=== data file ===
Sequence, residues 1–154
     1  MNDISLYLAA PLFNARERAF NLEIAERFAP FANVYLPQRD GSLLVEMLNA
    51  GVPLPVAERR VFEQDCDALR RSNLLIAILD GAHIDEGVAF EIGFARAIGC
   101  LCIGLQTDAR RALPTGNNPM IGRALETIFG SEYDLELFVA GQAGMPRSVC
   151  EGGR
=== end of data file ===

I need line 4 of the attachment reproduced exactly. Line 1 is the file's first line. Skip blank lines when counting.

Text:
   101  LCIGLQTDAR RALPTGNNPM IGRALETIFG SEYDLELFVA GQAGMPRSVC